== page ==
The NRA's internal finances have come under close scrutiny this past year, after Oliver North launched a failed coup intended to unseat longtime CEO/cult leader Wayne LaPierre, triggering so much internal strife that the organization's dirtiest laundry ended up getting aired in retaliatory strategic leaks by each camp.
The latest revelation to come from New York State's investigation into the NRA's abuse of its nonprofit status is that the NRA paid LaPierre's crony marketing firm, Ackerman McQueen (previously) $70,000 to consult on which mansion LaPierre should purchase.
The transaction was booked in the most fraudulent, grifty way possible, with a "vague description, company didn't exist and address of business was the home of the Chief Accounting Officer of [Ackerman McQueen]."
LaPierre was reportedly looking to buy the mansion because he was afraid of getting shot and he wanted a secret bolt hole to hide in after the Parkland, Florida massacre. LaPierre's wife, Susan, led the mansion project, choosing the property and guiding renovations.
The NRA says that LaPierre returned the funds. Ackerman and the NRA are suing each other over the former's billings to the latter.
But a document obtained by ProPublica shows that NRA money was used to help facilitate the purchase of a 10,000-square-foot Texas mansion for LaPierre, setting off alarms within the nonprofit. In response to questions about the transaction, the NRA on Thursday did not provide a comment or say whether the funds were eventually returned.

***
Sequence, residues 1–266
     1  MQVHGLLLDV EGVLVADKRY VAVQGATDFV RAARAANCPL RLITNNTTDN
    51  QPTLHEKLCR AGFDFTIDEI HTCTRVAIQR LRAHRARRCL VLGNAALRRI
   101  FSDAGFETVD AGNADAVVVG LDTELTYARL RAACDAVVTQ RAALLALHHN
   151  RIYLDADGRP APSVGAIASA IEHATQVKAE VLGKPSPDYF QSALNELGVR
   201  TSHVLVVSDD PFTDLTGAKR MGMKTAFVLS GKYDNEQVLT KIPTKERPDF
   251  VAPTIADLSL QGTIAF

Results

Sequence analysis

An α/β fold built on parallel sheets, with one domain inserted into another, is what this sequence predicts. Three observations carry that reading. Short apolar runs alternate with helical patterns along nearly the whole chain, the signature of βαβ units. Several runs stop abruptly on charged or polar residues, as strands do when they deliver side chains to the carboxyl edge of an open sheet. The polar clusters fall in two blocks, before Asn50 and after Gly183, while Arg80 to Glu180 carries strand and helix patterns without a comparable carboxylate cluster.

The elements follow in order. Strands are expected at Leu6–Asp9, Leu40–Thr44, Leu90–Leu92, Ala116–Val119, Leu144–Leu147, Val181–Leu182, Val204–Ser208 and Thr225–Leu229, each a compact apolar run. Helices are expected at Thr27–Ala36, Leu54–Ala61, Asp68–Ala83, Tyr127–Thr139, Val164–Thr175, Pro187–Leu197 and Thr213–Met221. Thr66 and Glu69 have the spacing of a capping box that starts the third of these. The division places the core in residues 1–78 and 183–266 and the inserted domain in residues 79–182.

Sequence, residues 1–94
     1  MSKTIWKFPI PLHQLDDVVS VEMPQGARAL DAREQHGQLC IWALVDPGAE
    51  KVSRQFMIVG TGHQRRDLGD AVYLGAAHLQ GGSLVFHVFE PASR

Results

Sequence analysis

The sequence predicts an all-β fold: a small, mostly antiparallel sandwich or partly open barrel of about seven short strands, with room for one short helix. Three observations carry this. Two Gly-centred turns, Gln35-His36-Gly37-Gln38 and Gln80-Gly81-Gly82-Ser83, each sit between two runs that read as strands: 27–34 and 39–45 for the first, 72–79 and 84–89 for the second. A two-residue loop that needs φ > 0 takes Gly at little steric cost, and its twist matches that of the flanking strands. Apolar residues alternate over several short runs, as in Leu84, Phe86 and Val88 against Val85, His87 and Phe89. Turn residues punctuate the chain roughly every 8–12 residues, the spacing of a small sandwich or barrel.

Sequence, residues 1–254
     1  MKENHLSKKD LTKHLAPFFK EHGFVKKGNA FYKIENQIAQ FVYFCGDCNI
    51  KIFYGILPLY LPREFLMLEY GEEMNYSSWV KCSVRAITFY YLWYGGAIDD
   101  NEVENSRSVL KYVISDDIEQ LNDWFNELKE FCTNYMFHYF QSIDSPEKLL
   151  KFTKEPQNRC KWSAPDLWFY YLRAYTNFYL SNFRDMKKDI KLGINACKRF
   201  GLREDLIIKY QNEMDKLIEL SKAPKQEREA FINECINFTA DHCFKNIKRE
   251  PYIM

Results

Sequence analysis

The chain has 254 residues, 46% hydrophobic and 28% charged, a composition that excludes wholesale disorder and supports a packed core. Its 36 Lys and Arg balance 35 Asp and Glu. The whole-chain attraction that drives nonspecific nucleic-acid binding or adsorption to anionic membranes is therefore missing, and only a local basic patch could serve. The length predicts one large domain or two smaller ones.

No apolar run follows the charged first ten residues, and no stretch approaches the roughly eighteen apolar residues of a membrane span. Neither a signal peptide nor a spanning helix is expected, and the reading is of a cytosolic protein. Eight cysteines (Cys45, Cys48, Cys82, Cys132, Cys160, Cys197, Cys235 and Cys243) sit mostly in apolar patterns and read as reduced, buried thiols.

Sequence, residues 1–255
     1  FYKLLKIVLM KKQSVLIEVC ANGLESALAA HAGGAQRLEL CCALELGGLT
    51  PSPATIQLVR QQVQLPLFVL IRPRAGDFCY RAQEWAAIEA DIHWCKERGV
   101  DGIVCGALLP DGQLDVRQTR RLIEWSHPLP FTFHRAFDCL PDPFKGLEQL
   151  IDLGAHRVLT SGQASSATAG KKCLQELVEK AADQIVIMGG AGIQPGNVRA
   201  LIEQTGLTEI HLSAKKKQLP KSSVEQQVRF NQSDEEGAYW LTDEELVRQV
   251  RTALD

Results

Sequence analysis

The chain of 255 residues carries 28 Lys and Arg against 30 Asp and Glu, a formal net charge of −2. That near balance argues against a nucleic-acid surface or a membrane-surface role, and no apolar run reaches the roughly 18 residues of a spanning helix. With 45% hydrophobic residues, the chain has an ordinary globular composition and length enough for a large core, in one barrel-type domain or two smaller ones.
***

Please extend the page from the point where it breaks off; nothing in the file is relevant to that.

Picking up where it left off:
NRA accountants flagged a $70,000 payment to WBB Investments LLC in a document titled "List of Top Concerns for the Audit Committee." They asked the audit committee to examine the payment, which they said was not properly documented.
The memo warned of the payment to a company with a "vague description, company didn't exist and address of business was the home of the Chief Accounting Officer of AcMc" — a reference to Ackerman McQueen, the NRA's longtime advertising firm.
Document Shows NRA Money Helped Its Chief Search for a Personal Mansion [Mike Spies/Propublica]